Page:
Why does the steering wheel shake when braking at high speed?

Updated: March 04, 2020
Many motorists have experienced this problem: The steering wheel starts shaking when brakes are applied at high speed. Often, it's more noticeable when braking on the highway at 60-70 mph.
Steering wheel shakes while braking Unevenly-worn or warped brake discs (rotors) can cause the steering wheel to shake when brakes are applied.
In most cases this issue is caused by warped or unevenly-worn front brake rotors (discs), although there could be other reasons. A brake rotor or disc is the part that is squeezed by brake pads when braking. The working surface of new brake rotors is uniformed all around and the brake force remains the same when the brakes are applied while moving. See the photo of the new brake rotor. An unevenly-worn or warped rotor has thicker and thinner spots, so the brake force changes as the rotor spins. This change in the brake force causes the steering wheel to shake when brakes are applied. When this happens, you may also feel a pulsation in the brake pedal.

This issue can happen with front and rear brake rotors, but the problem with front rotors is more likely to cause the steering wheel to shake. Some cars have drum brakes on the rear axle. Warped or rusted rear drums can also cause brake pedal pulsation.
What can cause brake rotors to wear unevenly? This can happen for a variety of reasons. Very often it happens when the car is parked outside for extended periods of time without moving.
Rust spot on a brake rotor In the car on the left photo, the steering shake and brake pulsation was caused by rust spots on the brake disc (rotor). More illustrations: Fig1. Fig 2.
This causes portions of the brake rotors to rust, especially in rainy weather; see the photo. Rusted brake rotors are one of the common reasons for brake pedal pulsation and steering wheel shake.
The rotors can also warp as a result of excessive heat, generated while braking. This usually happens in heavy cars, trucks, minivans and SUVs. Other reasons include low-quality material of the brake rotors or pads, sticky brake calipers, seized caliper pins or improper installation. What is the solution?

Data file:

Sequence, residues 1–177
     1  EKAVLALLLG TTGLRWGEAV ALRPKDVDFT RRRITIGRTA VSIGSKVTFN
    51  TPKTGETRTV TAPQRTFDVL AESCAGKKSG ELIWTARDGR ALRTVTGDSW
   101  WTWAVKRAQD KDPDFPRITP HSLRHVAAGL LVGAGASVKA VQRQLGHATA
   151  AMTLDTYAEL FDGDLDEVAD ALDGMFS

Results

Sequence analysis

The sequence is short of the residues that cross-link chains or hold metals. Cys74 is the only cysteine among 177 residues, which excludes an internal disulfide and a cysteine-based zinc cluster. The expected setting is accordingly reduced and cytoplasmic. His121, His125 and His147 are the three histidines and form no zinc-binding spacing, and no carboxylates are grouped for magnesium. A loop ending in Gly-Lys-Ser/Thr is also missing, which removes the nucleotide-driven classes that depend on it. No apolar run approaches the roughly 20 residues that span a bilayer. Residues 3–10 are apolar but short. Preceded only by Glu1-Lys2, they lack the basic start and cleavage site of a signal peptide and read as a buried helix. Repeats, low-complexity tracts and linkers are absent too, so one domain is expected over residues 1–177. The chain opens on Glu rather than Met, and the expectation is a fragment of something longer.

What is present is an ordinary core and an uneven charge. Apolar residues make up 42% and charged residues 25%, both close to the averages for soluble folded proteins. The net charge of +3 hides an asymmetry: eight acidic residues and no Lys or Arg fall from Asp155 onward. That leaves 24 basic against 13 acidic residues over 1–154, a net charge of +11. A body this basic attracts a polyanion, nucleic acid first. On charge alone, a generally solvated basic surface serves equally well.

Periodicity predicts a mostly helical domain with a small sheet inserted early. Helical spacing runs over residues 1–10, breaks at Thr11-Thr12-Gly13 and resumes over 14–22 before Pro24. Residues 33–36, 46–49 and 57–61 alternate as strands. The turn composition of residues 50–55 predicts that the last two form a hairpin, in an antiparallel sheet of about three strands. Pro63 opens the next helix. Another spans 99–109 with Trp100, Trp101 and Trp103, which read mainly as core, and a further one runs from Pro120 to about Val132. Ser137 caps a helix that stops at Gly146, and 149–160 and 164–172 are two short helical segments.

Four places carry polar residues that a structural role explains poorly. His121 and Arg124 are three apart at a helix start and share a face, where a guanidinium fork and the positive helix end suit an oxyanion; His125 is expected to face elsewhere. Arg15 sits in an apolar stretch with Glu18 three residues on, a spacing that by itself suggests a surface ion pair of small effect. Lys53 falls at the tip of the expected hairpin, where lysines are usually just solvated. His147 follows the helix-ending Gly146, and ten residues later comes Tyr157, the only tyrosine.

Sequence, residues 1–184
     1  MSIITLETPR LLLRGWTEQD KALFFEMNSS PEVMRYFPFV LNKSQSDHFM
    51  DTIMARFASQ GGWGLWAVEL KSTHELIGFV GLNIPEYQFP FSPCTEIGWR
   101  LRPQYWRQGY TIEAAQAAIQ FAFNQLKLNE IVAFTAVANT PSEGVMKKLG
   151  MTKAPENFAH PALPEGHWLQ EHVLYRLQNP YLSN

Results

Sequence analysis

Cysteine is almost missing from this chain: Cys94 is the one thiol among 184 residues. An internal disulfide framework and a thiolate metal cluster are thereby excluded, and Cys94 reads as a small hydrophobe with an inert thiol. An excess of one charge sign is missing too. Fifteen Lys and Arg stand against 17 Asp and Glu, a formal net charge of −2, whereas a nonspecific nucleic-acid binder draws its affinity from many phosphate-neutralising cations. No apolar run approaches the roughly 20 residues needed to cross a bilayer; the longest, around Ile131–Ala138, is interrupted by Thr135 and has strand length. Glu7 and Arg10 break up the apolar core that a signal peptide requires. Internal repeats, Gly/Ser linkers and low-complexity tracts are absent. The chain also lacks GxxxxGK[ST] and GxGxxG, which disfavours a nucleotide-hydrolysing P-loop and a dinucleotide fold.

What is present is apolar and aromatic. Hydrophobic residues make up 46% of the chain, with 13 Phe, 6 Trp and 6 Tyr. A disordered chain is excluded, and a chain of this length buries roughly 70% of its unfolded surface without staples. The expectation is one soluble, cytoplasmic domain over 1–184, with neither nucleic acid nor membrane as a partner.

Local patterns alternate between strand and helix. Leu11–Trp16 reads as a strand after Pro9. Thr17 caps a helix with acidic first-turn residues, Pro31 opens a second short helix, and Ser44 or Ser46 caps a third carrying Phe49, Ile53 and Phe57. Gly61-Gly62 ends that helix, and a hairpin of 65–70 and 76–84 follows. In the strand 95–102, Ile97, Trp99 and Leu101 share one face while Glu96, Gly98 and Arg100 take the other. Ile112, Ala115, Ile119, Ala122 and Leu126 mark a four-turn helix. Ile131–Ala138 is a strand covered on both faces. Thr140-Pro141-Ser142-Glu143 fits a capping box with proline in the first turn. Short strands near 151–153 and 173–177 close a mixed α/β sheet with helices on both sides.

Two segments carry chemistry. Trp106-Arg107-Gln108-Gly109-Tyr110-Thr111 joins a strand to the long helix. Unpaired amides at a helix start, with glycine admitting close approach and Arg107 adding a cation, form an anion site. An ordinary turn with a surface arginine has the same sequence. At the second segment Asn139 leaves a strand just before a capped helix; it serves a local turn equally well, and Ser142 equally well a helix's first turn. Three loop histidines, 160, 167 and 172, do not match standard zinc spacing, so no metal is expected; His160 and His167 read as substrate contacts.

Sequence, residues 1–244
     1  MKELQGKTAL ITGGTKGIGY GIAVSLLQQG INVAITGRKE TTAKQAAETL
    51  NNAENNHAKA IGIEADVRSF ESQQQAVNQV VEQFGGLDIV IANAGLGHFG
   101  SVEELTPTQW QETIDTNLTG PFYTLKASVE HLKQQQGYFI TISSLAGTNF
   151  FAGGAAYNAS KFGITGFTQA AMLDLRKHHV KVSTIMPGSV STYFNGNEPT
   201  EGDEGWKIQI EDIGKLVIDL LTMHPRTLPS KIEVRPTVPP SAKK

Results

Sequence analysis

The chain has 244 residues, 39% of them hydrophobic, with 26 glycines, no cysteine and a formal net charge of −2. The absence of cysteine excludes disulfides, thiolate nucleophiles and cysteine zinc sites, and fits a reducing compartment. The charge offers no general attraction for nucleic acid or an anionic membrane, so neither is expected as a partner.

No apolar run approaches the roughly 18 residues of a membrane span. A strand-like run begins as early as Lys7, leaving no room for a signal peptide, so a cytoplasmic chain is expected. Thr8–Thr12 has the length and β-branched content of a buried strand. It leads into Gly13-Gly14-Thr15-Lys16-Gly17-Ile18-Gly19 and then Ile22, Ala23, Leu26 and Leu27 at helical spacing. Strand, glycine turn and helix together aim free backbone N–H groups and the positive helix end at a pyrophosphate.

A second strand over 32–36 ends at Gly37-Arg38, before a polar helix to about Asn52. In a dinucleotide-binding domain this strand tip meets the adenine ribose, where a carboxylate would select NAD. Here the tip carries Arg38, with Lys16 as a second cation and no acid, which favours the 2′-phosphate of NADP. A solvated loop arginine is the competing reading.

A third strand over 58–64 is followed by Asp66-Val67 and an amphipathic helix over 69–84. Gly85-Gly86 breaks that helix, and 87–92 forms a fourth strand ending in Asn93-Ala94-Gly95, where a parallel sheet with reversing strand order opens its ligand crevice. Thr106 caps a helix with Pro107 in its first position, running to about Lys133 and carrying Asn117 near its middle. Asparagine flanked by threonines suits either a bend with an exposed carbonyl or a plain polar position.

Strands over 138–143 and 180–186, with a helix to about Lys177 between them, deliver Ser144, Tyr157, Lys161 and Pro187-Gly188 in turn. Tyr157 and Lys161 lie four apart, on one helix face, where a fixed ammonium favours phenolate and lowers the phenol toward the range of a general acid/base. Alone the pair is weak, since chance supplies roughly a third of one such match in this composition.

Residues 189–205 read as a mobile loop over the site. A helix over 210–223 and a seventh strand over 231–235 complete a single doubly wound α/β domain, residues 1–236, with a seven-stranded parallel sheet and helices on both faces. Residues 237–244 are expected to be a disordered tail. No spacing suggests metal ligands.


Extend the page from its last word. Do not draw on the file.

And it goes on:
The solution is to visit your mechanic and have your brakes properly inspected. Mechanics have special tools to measure the runout and thickness of your brake rotors (or rear drums). The repair will depend on the results of the inspection.
Brake latheBrake lathe.
In some cases, brake rotors (or rear drums) can be machined (cut), in others, they might need to be replaced.

Most automotive shops have a machine called a brake lathe that can cut a thin layer of a brake rotor or drum material to make the working surface even and uniformed. Machining (resurfacing) two rotors can add $40 to $120 to the price of the brake job. Your mechanic may recommend replacing the rotors if they are too thin to be machined, or for other reasons. Often, replacing two rotors costs slightly more than machining them. Replacing rotors is always a preferred option, since machining makes the rotors thinner. Brake pads and other components may also need to be replaced, depending on the condition. Read more: When do disc brakes need to be replaced?

Is it safe to drive a vehicle if the steering wheel shakes while braking? The only way to get the answer to this question is to have your brakes inspected by a qualified mechanic. Car manufacturers provide specifications and safe wear limits for brake components.
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If any of the parts (e.g. brake rotors) are worn beyond the safe limit, the vehicle is deemed unsafe to drive.

How expensive is it to replace brake pads and rotors? The replacement of the brake pads and rotors in an average car costs from $400 to $750 per axle. Replacing rotors only is cheaper. It's always recommended to use only high-quality or OEM parts. Keeping your brakes in top shape is an investment in your safety and the safety of your passengers.